Winter’s co-host, assistant professor of English Stacey Waite, recalled some of her favorite Air Schooner moments. “In ‘Embedded Poet,’ I had the opportunity to interview poet and Iraqi war veteran Brian Turner, whose insights about the US occupation of Iraq and the soldiers’ daily lives were, for me, the most powerful moments on Air Schooner. We want our listeners to engage with the subject of writing, but we also want them to learn about the lives and minds of writers.”
Winter and Waite have hosted Air Schooner since 2012. The podcast, under executive producer Kwame Dawes, features interviews and readings from poets, novelists, and short story writers, and has interviewed guests such as ZZ Packer, Lynn Emanuel, Aaron Belz, Denise Duhamel, Joy Harjo, and Nikola Madzirov. Its logo is “Listening that moves you.”
Friday Live, NET’s weekly arts and entertainment program, spotlights music, theater, visual art, literature, and film throughout Nebraska. It typically broadcasts from The Mill restaurant in Lincoln’s Haymarket district.
Friday Live will air this Friday, September 20, at 9 a.m on NET radio, online at http://netnebraska.org/basic-page/radio/radio, and at KUCV 91.1 FM in the Lincoln area. Visit the NET website for a full list of radio network stations. The program will be made available online as a podcast later that day.
The winner of the 2013 Prairie Schooner Book Prize in poetry is R.A. Villanueva for his manuscript Reliquaria. His writing has appeared in AGNI, Gulf Coast, Virginia Quarterly Review, McSweeney’s Internet Tendency, Bellevue Literary Review, DIAGRAM, and elsewhere. A founding editor of Tongue: A Journal of Writing & Art, his honors include the 2013 Ninth Letter Literary Award for poetry, fellowships from Kundiman and The Asian American Literary Review, and scholarships from the Geraldine R. Dodge Foundation. He is currently a Language Lecturer at New York University and lives in Brooklyn.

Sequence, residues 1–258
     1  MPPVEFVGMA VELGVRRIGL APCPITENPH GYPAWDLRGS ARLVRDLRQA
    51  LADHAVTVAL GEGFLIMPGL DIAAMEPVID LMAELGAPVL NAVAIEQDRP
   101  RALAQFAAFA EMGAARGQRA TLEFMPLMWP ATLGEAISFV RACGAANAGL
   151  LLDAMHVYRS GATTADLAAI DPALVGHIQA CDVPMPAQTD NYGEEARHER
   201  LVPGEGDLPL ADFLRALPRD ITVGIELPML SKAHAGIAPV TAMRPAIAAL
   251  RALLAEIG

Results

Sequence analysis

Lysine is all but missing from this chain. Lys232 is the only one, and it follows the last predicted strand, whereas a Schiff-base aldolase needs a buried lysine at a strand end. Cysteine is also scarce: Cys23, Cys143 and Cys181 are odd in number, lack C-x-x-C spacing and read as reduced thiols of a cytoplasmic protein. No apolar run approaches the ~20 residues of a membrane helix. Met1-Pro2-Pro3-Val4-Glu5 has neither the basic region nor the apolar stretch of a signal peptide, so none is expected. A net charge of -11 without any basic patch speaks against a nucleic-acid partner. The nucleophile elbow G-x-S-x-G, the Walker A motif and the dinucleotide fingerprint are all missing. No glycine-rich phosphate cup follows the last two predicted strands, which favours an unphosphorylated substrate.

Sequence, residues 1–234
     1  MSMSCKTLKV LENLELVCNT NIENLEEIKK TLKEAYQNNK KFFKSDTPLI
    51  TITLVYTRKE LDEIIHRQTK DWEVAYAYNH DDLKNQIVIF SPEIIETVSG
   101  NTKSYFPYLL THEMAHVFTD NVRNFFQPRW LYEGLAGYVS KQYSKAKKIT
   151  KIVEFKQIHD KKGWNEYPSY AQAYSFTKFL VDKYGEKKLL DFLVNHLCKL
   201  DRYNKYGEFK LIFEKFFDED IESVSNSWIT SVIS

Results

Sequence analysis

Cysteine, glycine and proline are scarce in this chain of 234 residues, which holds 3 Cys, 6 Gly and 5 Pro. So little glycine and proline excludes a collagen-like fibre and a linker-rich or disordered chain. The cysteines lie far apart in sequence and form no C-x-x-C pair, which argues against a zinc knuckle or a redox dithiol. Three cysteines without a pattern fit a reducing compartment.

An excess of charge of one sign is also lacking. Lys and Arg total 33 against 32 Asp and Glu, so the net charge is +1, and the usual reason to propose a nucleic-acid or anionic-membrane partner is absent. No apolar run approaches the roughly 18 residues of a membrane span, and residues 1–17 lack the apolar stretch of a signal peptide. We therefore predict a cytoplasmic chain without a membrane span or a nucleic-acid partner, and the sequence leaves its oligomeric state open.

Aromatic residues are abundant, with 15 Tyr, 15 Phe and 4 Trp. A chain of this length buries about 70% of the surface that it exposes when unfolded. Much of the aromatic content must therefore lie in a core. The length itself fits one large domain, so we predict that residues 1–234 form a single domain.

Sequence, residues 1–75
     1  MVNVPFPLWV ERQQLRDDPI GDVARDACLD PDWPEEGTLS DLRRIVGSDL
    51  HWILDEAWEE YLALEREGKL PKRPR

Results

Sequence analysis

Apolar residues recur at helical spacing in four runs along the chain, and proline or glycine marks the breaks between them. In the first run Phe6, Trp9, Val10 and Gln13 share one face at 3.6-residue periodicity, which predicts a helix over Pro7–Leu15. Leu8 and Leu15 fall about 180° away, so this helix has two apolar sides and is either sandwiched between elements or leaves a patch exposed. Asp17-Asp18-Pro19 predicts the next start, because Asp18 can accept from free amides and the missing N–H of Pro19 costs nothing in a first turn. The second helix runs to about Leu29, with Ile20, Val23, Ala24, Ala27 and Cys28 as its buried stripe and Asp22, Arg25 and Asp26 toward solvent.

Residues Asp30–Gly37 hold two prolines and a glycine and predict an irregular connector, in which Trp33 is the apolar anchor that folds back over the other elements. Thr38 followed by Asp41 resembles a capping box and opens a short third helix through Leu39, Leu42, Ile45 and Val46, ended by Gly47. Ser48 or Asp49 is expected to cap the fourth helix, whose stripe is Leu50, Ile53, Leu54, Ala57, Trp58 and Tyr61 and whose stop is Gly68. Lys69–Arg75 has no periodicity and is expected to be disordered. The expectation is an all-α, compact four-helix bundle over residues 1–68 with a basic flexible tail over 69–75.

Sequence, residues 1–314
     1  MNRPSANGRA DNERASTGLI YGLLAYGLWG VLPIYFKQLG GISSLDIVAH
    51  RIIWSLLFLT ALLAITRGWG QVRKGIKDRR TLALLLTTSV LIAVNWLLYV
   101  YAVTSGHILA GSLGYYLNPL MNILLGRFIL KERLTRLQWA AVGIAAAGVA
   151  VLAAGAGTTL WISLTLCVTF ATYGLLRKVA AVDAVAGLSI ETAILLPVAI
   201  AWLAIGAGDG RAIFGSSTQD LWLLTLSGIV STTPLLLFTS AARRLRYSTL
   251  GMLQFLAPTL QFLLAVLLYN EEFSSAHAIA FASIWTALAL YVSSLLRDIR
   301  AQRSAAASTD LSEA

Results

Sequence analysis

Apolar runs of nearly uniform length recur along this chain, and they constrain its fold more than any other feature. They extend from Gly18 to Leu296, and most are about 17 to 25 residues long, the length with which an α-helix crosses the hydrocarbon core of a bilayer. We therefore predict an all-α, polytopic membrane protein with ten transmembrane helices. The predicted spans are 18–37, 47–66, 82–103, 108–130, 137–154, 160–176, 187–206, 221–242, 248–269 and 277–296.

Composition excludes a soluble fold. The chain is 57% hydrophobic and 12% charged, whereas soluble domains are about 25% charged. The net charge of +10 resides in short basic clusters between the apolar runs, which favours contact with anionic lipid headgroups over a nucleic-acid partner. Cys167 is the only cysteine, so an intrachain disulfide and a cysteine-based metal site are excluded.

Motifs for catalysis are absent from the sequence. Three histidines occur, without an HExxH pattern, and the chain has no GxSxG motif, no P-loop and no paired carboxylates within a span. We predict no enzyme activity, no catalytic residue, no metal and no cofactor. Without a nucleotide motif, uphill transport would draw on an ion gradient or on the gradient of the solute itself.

The winner of the 2013 Prairie Schooner Book Prize in fiction is Amina Gautier for her manuscript Now We Will Be Happy. She was born and raised in Brooklyn, New York, and is the author of the short story collection At-Risk (U of Georgia P), which won the Flannery O’Connor Award for Short Fiction. More than seventy-five of her stories have been published or are forthcoming in journals such as Antioch Review, Callaloo, Chattahoochee Review, Crazyhorse, Glimmer Train, Iowa Review, Kenyon Review, North American Review, Notre Dame Review, and Southern Review, among others. Her work has received scholarships and fellowships from the Breadloaf Writer's Conference, Callaloo Writer’s Conference, Hurston/Wright Foundation, Sewanee Writer’s Conference, and others, as well as artist grants from the Illinois Arts Council and the Pennsylvania Council on the Arts. She received her B.A. and M.A. in English Literature from Stanford University and her M.A. and Ph.D. in English Literature from the University of Pennsylvania.
Both will receive a $3,000 prize and publication by the University of Nebraska Press. Their books will be available in September 2014.
Prairie Schooner, the University of Nebraska – Lincoln’s literary journal, will release its mobile app on May 1. The mobile app, titled Global Schooner: A World of Prairie Schooner Writers, features an interactive global map that pinpoints the location of authors from past Prairie Schooner issues, offering users unprecedented access to author biographies, videos, interviews, and more.
Global Schooner features profiles from more than 300 authors from around the globe who have been published in the prestigious literary journal run by the University of Nebraska – Lincoln’s English department for the last 87 years. Forty-five author profiles have expanded content, including audio and video of exclusive interviews and readings. The app also provides links to Prairie Schooner’s blog, podcast, and other online content. App users may purchase an issue of Prairie Schooner or subscribe to the quarterly using the app.